"First," said Leal, "(we should) try some of the other options (offered by The Pure Water Coalition and the public). Then, if these projects yield enough (recharge), we could use the Avra Valley facility as a backup."
The cost and viability of The Seven No Frills Options offered by The Pure Water Coalition are, by the group's estimation, more than 60 percent cheaper than the Avra Valley project the Council bought. Tucson Water disputes the group's assertions.
Ward 6 Councilwoman Molly McKasson said just before the council vote on the matter, "The motion (to adopt the Avra Valley project) was "against the spirit of Prop 200." She voted with the minority.
So what about Prop 200? Now that the Council has acted to spend $56 million, when will the City of Tucson come into compliance with Proposition 200? This year? Next year? Or never?
City Manager Mike Brown says the answer is "dicey" at best. Brown tells The Weekly it's unlikely the city would ever be in compliance with the Water Consumer Protection Act given the Council's decision on the Avra Valley facility.
Proposition 200, which was passed by a 56 percent majority vote last November, requires the city to "completely replenish" all groundwater withdrawals made by the city--or roughly 60,000 acre feet of water per year, as measured over any five-year period.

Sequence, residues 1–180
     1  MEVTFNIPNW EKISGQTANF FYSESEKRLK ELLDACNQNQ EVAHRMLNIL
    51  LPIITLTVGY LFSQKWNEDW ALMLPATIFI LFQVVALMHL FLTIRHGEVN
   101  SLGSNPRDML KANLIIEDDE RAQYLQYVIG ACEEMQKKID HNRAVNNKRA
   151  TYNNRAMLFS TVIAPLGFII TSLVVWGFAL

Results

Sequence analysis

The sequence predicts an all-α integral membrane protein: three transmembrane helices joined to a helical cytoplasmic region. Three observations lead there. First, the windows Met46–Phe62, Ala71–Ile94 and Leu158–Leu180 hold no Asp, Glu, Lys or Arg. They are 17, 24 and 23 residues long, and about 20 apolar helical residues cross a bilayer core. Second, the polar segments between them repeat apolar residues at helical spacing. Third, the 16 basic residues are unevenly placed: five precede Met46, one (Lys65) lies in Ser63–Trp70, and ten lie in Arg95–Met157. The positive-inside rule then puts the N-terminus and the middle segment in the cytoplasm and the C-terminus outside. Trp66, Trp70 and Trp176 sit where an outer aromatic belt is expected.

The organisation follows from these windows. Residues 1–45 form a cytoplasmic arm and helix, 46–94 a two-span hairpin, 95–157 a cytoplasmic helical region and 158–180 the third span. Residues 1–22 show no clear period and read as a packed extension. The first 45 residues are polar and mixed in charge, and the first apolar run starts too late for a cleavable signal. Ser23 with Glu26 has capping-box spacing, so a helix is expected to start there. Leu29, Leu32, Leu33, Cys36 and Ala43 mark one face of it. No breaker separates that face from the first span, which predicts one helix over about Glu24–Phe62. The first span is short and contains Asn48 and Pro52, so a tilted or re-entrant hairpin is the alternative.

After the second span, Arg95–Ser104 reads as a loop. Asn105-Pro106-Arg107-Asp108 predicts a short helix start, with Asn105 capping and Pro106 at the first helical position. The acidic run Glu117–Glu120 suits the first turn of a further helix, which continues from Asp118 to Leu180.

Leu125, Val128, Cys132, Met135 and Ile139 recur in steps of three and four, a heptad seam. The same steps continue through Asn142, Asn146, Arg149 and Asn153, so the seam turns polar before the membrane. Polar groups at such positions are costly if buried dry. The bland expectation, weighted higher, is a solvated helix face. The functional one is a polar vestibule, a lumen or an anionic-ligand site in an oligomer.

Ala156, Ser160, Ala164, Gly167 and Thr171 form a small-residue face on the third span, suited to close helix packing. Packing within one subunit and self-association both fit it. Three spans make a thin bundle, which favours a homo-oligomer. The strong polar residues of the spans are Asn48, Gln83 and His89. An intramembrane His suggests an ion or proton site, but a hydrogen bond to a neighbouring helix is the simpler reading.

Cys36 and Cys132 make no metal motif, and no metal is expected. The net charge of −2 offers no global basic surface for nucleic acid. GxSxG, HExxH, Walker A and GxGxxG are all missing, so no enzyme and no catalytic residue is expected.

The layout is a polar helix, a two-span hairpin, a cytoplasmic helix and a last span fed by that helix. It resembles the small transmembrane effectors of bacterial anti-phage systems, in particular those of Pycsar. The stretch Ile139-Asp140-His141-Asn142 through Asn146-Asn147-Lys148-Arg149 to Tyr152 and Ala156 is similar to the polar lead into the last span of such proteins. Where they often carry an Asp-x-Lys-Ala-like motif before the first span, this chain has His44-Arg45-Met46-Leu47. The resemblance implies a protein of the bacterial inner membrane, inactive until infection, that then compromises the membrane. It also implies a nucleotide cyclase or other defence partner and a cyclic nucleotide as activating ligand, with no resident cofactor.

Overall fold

But Brown now says he doesn't see how the city will be able to recharge 300,000 acre feet of water over the five-year window of the law.
Can Tucson voters live with the Council's deliberate non- compliance with Proposition 200 and a budget-buster water rate hike?
Terry Pollock, of The Pure Water Coalition, says only, "This is the opportunity to determine the difference between what we can do and what we will do."
Expect to hear talk of a possible recall election during the long, dry summer ahead.
Is There A Coup Brewing?IS IT ONLY a rumor that summer will bring a developer-sponsored initiative to overthrow Proposition 200? Sources in Tucson Water say it's not a rumor--an initiative is on the way.
But Carol West, executive director of the Tucson Regional Water Council (TRWC)--a developer-dominated special interest group bent on putting CAP water into Tucson homes--denies any involvement from her group in the scheme to repeal Prop 200. West says she's heard members of TRWC's board and others in the community talk about overturning the so-called Pure Water Initiative that banned the use of corrosive CAP water until it can be purified to a quality equal to Tucson's groundwater, but West says they were speaking as individuals. If something is going to happen on that issue, says West, "it's not going to take place in this group (TRWC)."
"We're working hard to be positive," says West, a former aide to Tucson City Councilwoman Janet Marcus.
Pete Zimmerman, the professional campaign manager who ran the failed anti-Prop 200 effort, says he knows of no plans to overturn the water ordinance.
One strong argument against rumors of a ballot attack on Prop 200 is this: If Tucson City Manager Mike Brown can say openly the city may never be able to comply with Prop 200 (See related story), and he doesn't have to worry about a legal penalty for non-compliance (because there isn't one)--why would anyone bother trying to overturn the ordinance?